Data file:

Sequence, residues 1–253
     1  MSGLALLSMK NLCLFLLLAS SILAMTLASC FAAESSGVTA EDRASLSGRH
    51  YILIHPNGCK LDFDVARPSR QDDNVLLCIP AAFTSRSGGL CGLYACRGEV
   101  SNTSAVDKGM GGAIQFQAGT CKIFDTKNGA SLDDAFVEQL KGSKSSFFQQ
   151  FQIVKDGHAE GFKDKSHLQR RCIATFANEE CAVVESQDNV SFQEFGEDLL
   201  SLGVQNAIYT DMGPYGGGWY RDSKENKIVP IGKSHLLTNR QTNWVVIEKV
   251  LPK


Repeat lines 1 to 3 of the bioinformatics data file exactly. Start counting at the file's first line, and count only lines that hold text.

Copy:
Sequence, residues 1–253
     1  MSGLALLSMK NLCLFLLLAS SILAMTLASC FAAESSGVTA EDRASLSGRH
    51  YILIHPNGCK LDFDVARPSR QDDNVLLCIP AAFTSRSGGL CGLYACRGEV